China and India Nullify Global Reduction in CO2 Emissions in 2009

Despite the continued economic crisis, global emissions of carbon dioxide, the main greenhouse gas, have remained constant in 2009 as strong increases in CO2 emissions from fast-growing developing countries such as China and India, have completely nullified CO2 emission reductions in the industrialized world.

CO2 emissions from fuel combustion and cement manufacturing by region. Source: PBL. Click to enlarge.

This according to calculations in the report “No growth in total global CO2 emissions in 2009”, published by the Netherlands Environmental Assessment Agency (PBL). The PBL based its calculations on recent data from a number of sources: data on energy use from oil company British Petroleum (BP); on cement production from the US Geological Survey (USGS); and on the latest version of the Emission Database for Global Atmospheric Research (EDGAR), which is a joint project of the European Commission’s Joint Research Centre (JRC) and the Netherlands Environmental Assessment Agency (PBL).

The PBL calculated that emissions from fossil-fuel combustion (including those from gas flares—the burning of waste gas from oil drilling and other industrial processes, such as the production of cement and ammonia) in the industrial countries have decreased by 7%. In China and India, these emissions increased by 9% and 6%, respectively, despite a doubling of wind and solar energy in China, for the fifth year in a row.

Overall, this has meant that in 2009, CO2 emissions worldwide have remained constant, for the first time since 1992. In earlier projections, the International Energy Agency (IEA) predicted an emission decrease for 2009 of 2.6%, which would have been the largest decrease in forty years.

For industrialized countries, their reductions help them to meet their international obligations under the Kyoto Protocol. Last year, their combined emission level was 10% below 1990 levels, and therefore well below the Kyoto target level. Together, the industrialized countries—except for the United States, which has not ratified the protocol—are on course to achieve a combined average decrease in CO2 emissions of 5.2%, between 2008 and 2012, compared with 1990 levels.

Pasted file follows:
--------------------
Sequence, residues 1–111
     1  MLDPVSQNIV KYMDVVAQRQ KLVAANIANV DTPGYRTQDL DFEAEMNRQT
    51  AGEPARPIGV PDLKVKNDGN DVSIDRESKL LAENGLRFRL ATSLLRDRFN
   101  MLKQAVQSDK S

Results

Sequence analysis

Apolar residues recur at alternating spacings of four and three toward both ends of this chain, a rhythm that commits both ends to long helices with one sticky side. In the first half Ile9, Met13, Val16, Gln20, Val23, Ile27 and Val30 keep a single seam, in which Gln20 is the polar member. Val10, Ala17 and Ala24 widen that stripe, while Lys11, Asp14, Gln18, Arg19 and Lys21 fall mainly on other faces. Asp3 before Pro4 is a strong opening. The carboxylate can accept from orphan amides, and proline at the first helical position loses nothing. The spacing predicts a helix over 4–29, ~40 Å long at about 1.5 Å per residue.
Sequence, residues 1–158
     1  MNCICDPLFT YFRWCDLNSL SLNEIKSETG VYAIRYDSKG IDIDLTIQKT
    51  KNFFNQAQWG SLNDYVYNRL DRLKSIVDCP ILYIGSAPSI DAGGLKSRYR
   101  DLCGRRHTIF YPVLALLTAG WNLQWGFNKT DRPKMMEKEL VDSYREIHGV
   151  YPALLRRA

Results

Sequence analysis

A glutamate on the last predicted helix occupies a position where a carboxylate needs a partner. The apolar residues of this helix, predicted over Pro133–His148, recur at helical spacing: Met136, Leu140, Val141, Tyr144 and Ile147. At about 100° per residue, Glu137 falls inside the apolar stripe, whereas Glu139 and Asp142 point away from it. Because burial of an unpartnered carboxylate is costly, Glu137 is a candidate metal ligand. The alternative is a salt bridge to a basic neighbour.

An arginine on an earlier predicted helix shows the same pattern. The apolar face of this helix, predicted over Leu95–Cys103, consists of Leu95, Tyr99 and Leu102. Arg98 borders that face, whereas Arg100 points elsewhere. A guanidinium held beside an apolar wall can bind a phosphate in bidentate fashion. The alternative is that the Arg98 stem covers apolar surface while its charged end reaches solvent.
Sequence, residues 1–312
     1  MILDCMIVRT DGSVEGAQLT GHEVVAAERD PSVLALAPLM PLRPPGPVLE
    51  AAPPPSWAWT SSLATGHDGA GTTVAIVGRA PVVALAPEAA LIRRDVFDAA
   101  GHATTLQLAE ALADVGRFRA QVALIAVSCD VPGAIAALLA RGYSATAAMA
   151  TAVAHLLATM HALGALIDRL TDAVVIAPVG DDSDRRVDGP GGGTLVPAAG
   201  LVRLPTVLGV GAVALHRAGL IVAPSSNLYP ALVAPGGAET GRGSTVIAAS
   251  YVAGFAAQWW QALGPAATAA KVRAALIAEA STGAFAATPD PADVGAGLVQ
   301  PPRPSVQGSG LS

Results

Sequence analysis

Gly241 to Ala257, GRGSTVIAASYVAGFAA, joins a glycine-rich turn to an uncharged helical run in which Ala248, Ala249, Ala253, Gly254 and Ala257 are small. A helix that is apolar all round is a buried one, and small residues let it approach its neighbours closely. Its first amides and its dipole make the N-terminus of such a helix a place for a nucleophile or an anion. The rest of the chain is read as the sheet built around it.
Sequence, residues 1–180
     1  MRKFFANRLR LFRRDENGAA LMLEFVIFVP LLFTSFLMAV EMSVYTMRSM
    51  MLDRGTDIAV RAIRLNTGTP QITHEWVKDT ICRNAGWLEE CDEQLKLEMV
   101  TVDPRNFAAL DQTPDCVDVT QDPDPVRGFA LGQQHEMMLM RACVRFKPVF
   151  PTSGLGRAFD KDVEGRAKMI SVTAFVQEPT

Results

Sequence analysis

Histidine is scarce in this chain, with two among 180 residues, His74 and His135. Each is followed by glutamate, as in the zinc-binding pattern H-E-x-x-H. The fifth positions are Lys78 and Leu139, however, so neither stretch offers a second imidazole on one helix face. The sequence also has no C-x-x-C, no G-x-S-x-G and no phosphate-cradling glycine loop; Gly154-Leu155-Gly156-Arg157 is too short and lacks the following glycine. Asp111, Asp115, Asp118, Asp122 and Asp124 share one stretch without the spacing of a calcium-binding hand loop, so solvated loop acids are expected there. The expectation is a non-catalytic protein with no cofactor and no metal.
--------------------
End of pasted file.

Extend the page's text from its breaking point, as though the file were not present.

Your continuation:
However, this decrease is also related to the financial crisis. A large part of production capacity has been suspended, but could be re-employed as soon as the economy improves. Therefore, it is likely that a recovering economy would cause emission levels in industrialized countries to go up. Nevertheless, the economic downturn has meant that these countries can meet their reduction obligations with more ease. Another consequence of this downturn is that some industrialized countries may need to purchase less emission rights from reduction projects in developing countries, which, in turn, means that there will be less funds available for emission reductions in those developing countries.

Although there have been strong increases in emissions in countries such as China and India, their average CO2 emissions per inhabitant, in 2009, were still below those in industrial countries. In India the emissions were 1.4 tonnes per person and in China this was 6 tonnes, compared with 10 tonnes per person in the Netherlands and 17 tonnes in the United States.


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